Recruitment Genius: Internal Sales Executive

£20000 - £22000 per annum: Recruitment Genius: An exciting opportunity has ari...

Recruitment Genius: Sales Executive

£20000 - £25000 per annum: Recruitment Genius: This is a fantastic opportunity...

Day In a Page

Read Next
Rachel Hollis posted a photo of herself in a bikini on holiday online with the caption 'I'm proud of this body and every mark on it'  

At last there’s a new ‘bikini body’ ideal – and it’s one with stretch marks

Victoria Richards
Ed Miliband contends with difficult questions from Jeremy Paxman  

Battle for Number 10: Miliband survives a rough ride but Cameron takes the edge in first TV battle

John Curtice
The saffron censorship that governs India: Why national pride and religious sentiment trump freedom of expression

The saffron censorship that governs India

Zareer Masani reveals why national pride and religious sentiment trump freedom of expression
Prince Charles' 'black spider' letters to be published 'within weeks'

Prince Charles' 'black spider' letters to be published 'within weeks'

Supreme Court rules Dominic Grieve's ministerial veto was invalid
Distressed Zayn Malik fans are cutting themselves - how did fandom get so dark?

How did fandom get so dark?

Grief over Zayn Malik's exit from One Direction seemed amusing until stories of mass 'cutting' emerged. Experts tell Gillian Orr the distress is real, and the girls need support
The galaxy collisions that shed light on unseen parallel Universe

The cosmic collisions that have shed light on unseen parallel Universe

Dark matter study gives scientists insight into mystery of space
The Swedes are adding a gender-neutral pronoun to their dictionary

Swedes introduce gender-neutral pronoun

Why, asks Simon Usborne, must English still struggle awkwardly with the likes of 's/he' and 'they'?
Disney's mega money-making formula: 'Human' remakes of cartoon classics are part of a lucrative, long-term creative plan

Disney's mega money-making formula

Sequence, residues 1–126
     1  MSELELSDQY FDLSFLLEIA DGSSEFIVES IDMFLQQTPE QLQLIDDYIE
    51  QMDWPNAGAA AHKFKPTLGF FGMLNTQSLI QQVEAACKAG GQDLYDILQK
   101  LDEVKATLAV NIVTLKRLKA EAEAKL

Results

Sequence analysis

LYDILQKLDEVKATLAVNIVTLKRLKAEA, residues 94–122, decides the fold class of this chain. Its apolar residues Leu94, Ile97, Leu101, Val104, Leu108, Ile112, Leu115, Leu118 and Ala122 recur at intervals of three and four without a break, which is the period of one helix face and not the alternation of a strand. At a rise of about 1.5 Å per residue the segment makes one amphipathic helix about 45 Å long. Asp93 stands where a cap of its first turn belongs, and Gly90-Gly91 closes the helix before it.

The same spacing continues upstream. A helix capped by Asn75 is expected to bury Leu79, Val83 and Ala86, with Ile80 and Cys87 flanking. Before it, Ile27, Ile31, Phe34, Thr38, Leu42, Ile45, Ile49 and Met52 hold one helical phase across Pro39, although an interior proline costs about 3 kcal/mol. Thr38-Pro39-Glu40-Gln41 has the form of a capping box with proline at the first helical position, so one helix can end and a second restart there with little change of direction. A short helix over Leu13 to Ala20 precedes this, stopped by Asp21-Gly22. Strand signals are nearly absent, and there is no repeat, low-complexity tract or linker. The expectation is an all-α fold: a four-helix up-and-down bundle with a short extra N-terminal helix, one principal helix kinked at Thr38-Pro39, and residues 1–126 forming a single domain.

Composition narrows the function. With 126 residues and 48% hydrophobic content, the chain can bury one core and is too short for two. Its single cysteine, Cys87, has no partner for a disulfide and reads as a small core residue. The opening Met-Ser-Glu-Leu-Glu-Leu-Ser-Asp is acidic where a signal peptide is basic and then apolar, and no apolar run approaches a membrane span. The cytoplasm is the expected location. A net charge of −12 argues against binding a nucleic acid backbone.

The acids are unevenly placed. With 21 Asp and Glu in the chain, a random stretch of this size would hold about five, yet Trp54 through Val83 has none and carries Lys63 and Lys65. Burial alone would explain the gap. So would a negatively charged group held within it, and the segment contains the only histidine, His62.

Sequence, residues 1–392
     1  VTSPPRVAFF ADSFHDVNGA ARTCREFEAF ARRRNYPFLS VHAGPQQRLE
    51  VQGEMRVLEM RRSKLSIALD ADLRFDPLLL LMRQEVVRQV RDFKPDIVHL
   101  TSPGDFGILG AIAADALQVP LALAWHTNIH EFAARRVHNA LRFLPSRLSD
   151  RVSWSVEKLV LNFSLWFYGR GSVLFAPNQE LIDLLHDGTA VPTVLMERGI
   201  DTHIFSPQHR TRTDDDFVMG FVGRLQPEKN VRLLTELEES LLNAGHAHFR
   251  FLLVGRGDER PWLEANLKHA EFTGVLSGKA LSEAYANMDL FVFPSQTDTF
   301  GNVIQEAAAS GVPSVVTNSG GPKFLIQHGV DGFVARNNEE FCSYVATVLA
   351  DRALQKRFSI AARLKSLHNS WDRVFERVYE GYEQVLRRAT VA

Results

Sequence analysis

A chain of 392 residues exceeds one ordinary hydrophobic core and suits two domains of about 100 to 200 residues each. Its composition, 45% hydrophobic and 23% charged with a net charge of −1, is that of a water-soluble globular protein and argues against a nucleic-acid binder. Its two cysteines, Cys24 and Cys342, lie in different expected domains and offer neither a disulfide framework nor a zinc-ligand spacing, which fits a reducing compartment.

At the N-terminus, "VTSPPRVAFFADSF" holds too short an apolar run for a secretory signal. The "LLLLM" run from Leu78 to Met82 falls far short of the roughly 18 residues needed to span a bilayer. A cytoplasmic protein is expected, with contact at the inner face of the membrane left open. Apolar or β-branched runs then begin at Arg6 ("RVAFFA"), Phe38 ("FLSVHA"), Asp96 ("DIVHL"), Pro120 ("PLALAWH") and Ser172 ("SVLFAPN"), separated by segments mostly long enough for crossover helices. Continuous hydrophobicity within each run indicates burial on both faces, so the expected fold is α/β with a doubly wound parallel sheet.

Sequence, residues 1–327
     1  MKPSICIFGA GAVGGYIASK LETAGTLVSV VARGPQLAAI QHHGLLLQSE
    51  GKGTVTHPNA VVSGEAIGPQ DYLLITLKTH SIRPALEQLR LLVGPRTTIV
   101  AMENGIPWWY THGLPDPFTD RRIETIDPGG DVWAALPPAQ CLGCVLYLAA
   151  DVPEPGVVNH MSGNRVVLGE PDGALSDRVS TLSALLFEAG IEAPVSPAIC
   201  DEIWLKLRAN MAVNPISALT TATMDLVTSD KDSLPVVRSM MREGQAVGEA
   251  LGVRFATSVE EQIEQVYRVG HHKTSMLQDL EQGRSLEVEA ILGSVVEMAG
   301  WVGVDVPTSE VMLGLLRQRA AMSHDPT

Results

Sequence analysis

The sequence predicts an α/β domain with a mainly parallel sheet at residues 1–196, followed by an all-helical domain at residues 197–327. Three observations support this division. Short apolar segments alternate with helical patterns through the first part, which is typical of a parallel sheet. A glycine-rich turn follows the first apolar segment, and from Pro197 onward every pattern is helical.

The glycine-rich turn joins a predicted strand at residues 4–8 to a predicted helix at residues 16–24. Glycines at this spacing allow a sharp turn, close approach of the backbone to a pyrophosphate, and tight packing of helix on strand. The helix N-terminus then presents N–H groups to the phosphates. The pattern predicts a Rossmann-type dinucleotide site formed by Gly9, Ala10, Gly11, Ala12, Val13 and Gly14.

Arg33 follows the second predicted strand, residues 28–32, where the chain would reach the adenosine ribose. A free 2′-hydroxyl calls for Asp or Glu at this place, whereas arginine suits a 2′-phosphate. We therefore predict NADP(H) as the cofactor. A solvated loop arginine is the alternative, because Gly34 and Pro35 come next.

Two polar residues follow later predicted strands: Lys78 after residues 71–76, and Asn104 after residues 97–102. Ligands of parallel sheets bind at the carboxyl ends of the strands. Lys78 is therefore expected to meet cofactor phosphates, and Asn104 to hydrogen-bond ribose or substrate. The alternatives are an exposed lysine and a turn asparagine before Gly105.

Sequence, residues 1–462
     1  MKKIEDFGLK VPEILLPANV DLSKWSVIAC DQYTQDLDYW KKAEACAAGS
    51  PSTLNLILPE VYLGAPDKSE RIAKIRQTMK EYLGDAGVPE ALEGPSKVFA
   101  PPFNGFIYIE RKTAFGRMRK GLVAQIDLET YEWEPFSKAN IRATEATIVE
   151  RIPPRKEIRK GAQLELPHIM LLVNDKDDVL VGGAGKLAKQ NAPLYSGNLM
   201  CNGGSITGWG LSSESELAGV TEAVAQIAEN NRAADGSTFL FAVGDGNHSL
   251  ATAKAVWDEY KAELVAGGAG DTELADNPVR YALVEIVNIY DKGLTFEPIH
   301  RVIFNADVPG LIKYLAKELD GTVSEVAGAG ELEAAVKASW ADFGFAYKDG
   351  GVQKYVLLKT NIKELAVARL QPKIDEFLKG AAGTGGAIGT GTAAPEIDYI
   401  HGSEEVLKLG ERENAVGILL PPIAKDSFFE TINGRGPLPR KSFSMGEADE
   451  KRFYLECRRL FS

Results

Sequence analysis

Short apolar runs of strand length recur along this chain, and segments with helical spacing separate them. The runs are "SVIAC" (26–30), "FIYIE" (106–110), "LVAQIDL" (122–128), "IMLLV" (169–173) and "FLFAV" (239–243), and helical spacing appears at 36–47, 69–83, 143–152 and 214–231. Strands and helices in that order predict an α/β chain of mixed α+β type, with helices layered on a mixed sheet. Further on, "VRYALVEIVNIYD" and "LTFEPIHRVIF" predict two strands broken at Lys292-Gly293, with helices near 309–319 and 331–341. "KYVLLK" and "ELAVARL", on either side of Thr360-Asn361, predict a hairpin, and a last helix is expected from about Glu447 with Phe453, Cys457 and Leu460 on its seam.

'Human' remakes of cartoon classics are part of a lucrative, long-term creative plan
Lobster has gone mainstream with supermarket bargains for £10 or less - but is it any good?

Lobster has gone mainstream

Anthea Gerrie, raised on meaty specimens from the waters around Maine, reveals how to cook up an affordable feast
Easter 2015: 14 best decorations

14 best Easter decorations

Get into the Easter spirit with our pick of accessories, ornaments and tableware
Paul Scholes column: Gareth Bale would be a perfect fit at Manchester United and could turn them into serious title contenders next season

Paul Scholes column

Gareth Bale would be a perfect fit at Manchester United and could turn them into serious title contenders next season
Inside the Kansas greenhouses where Monsanto is 'playing God' with the future of the planet

The future of GM

The greenhouses where Monsanto 'plays God' with the future of the planet
Britain's mild winters could be numbered: why global warming is leaving UK chillier

Britain's mild winters could be numbered

Gulf Stream is slowing down faster than ever, scientists say
Government gives £250,000 to Independent appeal

Government gives £250,000 to Independent appeal

Donation brings total raised by Homeless Veterans campaign to at least £1.25m
Oh dear, the most borrowed book at Bank of England library doesn't inspire confidence

The most borrowed book at Bank of England library? Oh dear

The book's fifth edition is used for Edexcel exams
Cowslips vs honeysuckle: The hunt for the UK’s favourite wildflower

Cowslips vs honeysuckle

It's the hunt for UK’s favourite wildflower
Child abuse scandal: Did a botched blackmail attempt by South African intelligence help Cyril Smith escape justice?

Did a botched blackmail attempt help Cyril Smith escape justice?

A fresh twist reveals the Liberal MP was targeted by the notorious South African intelligence agency Boss